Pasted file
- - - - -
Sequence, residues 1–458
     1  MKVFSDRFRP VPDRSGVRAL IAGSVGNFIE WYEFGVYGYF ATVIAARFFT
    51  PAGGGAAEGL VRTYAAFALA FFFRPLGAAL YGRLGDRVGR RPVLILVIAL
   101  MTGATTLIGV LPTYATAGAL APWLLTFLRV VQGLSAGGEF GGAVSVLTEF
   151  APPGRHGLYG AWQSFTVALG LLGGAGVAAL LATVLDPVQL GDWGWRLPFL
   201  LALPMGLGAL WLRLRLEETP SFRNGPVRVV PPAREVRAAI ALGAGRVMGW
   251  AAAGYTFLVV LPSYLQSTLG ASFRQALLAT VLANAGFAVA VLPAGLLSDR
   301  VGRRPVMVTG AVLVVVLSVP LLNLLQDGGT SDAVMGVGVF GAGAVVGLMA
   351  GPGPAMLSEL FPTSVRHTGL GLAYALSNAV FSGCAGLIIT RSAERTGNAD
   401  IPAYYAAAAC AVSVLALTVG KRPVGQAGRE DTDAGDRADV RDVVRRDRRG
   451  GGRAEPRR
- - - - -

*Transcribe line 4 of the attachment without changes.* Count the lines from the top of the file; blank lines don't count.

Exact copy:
   101  MTGATTLIGV LPTYATAGAL APWLLTFLRV VQGLSAGGEF GGAVSVLTEF